Getting to know - Non-directive therapeutic play - Who are you?

A great island we created after almost 2 years of training in therapeutic play 
( Block 2 Training Diploma in Play Therapy KL by APAC October 2017)

Orientation to play practice using non-directive play therapy through role-plays as therapist, client, and observer.

A reflective commentary on Virginia Axline’s Principles based on sand tray exercise on 25/10/2015

Azizah Othman

Word counts:

Play therapy is one approach to enhance children’s psychological development. The foundation of play work is based on eight principles drawn by Virginia Axline as described by Barnes (2013). We used sand tray exercises to observe and experience these principles in actions. At some points, the scenario presented below might be seen as superficial because we were limited by several factors including being at an early stage of training, restricted time and space, and the needs to meet the perceived demands and expectations from the instructor. This essay outlines brief descriptions of the activities and my reflective comments and learning on those principles as I played my roles as therapist, observer, and client.

(a)    Being a therapist
First, I started as therapist. As I followed my client around, choosing her toys, I hoped to indicate that I was keen to having her in the session. She just nodded when I informed basic rules in play therapy. It appeared that smooth (i) establishment and acceptance of limits are possible, at least with this particular client. Throughout the play, the client spoke no word neither she looked at me. I struggled to show (ii) warm and friendly attitude, in a silent, one-to–one moment like that. It is tricky to indicate warmth and friendly attitude when eye contact and verbal communication are not present. I resorted to keep looking at her with much interest, hoping that would deliver the same messages. Upon group reflection, she admitted feeling comfortable having me besides her as therapist.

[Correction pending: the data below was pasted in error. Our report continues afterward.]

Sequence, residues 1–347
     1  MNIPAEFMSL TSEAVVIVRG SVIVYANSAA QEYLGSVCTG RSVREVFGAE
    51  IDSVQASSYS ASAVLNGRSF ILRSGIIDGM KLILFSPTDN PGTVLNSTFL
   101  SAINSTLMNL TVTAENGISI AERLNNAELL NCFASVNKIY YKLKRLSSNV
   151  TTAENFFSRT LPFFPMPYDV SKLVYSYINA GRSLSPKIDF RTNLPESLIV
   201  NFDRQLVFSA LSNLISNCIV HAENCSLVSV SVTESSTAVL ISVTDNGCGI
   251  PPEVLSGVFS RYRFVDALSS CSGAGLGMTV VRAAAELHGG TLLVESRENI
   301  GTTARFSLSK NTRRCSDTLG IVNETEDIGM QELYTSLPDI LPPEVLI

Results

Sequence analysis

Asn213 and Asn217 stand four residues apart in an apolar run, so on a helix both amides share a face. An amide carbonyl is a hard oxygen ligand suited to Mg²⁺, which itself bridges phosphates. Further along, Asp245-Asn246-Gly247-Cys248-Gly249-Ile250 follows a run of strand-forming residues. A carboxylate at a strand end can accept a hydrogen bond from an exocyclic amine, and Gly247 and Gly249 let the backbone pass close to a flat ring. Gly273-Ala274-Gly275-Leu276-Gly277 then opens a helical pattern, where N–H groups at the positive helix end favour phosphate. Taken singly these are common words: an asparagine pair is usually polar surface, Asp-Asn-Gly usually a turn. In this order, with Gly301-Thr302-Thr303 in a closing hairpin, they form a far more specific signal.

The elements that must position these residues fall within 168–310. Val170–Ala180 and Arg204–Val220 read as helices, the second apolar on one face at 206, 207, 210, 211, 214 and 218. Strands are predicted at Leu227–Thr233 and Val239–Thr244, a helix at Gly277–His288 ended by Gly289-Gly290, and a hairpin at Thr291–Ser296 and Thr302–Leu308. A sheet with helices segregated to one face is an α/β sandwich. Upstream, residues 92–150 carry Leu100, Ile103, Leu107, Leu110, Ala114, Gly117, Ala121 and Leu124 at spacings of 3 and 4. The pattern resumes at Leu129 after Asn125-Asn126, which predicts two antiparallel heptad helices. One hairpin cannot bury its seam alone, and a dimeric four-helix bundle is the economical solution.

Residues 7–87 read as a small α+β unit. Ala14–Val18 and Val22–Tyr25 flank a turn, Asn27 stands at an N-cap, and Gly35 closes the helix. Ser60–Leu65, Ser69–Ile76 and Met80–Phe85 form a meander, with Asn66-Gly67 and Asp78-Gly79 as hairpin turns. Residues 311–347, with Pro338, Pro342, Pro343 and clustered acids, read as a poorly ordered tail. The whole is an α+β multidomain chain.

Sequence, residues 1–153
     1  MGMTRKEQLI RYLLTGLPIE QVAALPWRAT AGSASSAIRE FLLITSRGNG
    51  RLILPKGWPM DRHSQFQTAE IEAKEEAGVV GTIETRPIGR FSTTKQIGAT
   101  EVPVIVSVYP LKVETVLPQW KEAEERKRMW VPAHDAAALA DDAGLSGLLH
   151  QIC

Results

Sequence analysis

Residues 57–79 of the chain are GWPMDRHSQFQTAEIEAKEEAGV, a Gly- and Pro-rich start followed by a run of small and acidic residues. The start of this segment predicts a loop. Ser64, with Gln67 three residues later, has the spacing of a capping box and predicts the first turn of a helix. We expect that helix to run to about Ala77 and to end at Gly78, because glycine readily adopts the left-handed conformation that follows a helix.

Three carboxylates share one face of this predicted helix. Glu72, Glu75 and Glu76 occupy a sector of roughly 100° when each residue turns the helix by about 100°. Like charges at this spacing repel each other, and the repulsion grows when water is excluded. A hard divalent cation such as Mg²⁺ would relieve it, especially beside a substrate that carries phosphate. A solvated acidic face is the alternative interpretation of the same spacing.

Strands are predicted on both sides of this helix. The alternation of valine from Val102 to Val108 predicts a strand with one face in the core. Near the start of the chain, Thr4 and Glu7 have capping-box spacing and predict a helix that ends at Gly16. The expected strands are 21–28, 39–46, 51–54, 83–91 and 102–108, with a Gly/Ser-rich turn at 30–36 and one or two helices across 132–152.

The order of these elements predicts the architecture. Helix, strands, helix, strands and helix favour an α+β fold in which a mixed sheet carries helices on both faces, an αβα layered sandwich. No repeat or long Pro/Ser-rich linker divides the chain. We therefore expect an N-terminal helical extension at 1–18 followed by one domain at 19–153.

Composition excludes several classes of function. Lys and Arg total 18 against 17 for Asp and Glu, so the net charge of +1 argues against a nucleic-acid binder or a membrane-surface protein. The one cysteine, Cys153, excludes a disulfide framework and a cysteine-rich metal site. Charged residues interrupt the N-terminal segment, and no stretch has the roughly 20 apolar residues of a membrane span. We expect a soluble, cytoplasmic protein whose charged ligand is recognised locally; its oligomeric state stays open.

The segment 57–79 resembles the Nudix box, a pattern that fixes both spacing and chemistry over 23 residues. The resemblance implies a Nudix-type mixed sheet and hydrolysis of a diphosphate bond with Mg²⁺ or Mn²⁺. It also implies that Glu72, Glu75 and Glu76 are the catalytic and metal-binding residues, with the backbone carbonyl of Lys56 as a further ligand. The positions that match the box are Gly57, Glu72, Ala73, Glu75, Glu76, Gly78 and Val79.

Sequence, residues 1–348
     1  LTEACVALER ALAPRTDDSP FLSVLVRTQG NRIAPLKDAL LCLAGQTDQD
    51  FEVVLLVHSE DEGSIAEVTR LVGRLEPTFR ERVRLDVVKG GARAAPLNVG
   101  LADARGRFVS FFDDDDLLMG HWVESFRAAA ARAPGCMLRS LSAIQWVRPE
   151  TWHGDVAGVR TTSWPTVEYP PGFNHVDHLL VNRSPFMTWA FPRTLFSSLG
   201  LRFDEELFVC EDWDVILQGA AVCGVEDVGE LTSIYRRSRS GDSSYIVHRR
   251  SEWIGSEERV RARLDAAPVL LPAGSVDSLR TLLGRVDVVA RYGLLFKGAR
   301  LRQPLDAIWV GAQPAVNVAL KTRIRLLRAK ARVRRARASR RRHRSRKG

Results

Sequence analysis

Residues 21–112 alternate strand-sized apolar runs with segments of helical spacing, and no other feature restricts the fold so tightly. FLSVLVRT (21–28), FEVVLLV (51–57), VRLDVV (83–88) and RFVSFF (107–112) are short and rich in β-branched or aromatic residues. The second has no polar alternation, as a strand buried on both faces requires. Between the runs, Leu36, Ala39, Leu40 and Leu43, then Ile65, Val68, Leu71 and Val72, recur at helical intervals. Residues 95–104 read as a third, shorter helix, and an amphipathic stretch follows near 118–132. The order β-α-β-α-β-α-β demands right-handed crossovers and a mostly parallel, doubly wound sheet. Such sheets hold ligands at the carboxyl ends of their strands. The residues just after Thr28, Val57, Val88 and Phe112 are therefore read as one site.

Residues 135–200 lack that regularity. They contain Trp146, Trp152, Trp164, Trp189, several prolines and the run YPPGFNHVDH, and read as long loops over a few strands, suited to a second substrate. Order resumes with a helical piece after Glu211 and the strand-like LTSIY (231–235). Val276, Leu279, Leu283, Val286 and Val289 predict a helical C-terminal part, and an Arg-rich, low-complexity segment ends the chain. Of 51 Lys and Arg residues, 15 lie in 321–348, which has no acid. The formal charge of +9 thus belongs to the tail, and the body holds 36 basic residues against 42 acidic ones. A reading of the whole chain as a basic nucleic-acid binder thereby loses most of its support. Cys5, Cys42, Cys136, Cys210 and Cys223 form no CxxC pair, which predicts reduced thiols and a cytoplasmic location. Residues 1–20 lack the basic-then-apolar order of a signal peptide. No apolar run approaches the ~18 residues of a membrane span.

There was one quick moment when the client dismantled and brushed away her creation. I was surprise and shouted ‘NO’ inside my heart, trying to stop her. I felt sad that special creation was destroyed. I recognized feeling pretty dishearten and disappointed. I thought she might feel the same and I felt like rescuing her. I knew then and now that I might need to process those feelings myself. During that moment, I made myself aware fairly quickly that the session was completely hers’. Therapist must (iii) develop permissive environment so that the client can freely express her emotions. Soon as I got things on hold back again, I calmed myself and remained neutral. I engaged with client and her play. Not long after that, contrary to my initial expectation about the effect of the destruction, my client was still playing happily. I was very pleased to not stop or rescue her earlier.

(b)   Being an observer
Secondly, I became an observer. I was really keen to see how other ‘therapist’ plays their roles and how the client responded. I was pretty amazed to observe the therapist looking at the client – almost all the time, without failed. She did not even make a slight move throughout the session neither she said anything to the client. Indeed, she was sitting still and doing the same task for almost 30 minutes. When we reflected in group, the therapist admitted feeling uncomfortable sitting in that position and wished the client to change her position a bit so that she could do the same. However, since no one moved, they remained in that position until the end of the session. I thought changing positions should not be a big problem, and therapist too, in addition to the client, has right to feel comfortable in the session.